The Philly Fed Business outlook Survey April 2007 has been released.

The index for general activity was near zero, and indicators for new orders, shipments, and employment were only slightly positive, suggesting little change from March. Regarding future activity, the region’s manufacturing executives were somewhat more optimistic this month than they were in March.

Growth in Manufacturing Stalled

The survey’s broadest measure of manufacturing conditions, the diffusion index of current activity, was unchanged at 0.2 this month.

Demand for manufactured goods, as represented by the survey’s new orders index, reflects virtually no growth again this month. The new orders index, at 2.8, was only one point higher than in March, and the shipments index fell almost three points, to 4.3, suggesting little change from last month. Indexes for delivery times and unfilled orders remained negative, indicating shorter delivery times and a decline in unfilled orders.

Cost Pressures Remain

Area manufacturers reported higher costs for inputs again this month. The prices paid index edged three points higher and has now increased for three consecutive months. Thirty-seven percent of the firms reported higher input prices, up seven points from March; 13 percent reported lower input prices in April.

Despite increased costs, fewer firms reported higher prices for their own goods this month: 17 percent reported higher prices, down nine points from March. The prices received index fell 11 points, to 5.2, its lowest reading since August 2005.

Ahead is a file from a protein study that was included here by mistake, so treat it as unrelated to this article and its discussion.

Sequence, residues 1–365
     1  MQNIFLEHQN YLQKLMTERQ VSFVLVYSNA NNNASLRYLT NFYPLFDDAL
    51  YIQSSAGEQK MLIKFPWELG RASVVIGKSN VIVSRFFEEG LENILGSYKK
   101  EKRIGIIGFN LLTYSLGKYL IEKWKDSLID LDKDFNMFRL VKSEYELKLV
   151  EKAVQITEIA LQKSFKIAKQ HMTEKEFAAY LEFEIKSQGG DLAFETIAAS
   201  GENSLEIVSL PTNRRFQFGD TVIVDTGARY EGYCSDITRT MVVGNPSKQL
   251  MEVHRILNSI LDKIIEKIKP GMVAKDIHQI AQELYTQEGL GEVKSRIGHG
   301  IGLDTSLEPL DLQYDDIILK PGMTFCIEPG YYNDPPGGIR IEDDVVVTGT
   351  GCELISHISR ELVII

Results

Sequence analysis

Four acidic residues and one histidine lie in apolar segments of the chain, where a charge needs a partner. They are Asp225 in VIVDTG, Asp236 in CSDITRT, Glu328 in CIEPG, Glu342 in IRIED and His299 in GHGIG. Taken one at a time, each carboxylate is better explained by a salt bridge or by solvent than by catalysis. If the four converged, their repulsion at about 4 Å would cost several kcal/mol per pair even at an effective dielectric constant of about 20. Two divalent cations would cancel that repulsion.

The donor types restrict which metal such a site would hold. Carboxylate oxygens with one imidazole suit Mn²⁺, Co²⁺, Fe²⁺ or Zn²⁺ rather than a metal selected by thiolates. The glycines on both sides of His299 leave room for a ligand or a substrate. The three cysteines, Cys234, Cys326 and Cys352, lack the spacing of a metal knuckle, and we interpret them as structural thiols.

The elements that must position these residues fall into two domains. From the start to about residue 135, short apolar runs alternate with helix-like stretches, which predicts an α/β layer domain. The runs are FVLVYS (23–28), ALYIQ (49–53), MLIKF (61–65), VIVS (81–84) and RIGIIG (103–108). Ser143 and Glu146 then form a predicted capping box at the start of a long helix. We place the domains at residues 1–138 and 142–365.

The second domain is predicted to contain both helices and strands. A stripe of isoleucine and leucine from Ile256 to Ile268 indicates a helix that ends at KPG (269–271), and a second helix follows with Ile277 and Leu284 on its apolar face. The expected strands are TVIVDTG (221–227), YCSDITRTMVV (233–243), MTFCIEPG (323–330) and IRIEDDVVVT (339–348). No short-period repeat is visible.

Six-Month Forecasts Improve

The outlook for manufacturing growth over the next six months showed some improvement this month. The future general activity index increased from 17.4 to 25.8, the highest reading since April 2006.

The indexes for future new orders and shipments remained near their readings in March. Forty-one percent of the firms expect increases in new orders over the next six months; 42 percent expect increases in shipments.

The most significant factor in the report is cost pressures. Commodity prices have been rising but there has been no passthru of those costs. I keep hearing that rising input costs must be passed on. I keep seeing otherwise. This indicates falling demand or at least overcapacity relative to demand. This will also effect earnings unless productivity improvements take up the slack, which is an idea I find doubtful this late in the cycle.

The big puzzle in the report is the future optimism. The housing subprime contagion is spreading from subrime to Alt-A, and a slowdown in MEW (mortgage equity withdrawal) are all guaranteed to impact consumer spending at some point. Capital spending is dramatically slowing and the effects of that slowdown have not yet rippled through the economy. Finally, unemployment is a lagging indicator and is poised to head higher (I believe sharply higher).

Note the period lasting nearly two years starting in 2000 where the future index shot up far in advance as current activity was in contraction. It took another year after that for the future and current activity indexes to get in sync.

Judging from what we know about capital spending, spreading contagion in housing, and recent upticks in initial unemployment claims, manufacturing optimism is simply unwarranted at this time.

Notes:
This article originally appeared on Minyanville.
Joining Minyanville today is Jeffrey Cooper who wrote a classic debut on market psychology entitled Perception Trumps Reality. It’s well worth a read.

Mike Shedlock / Mish/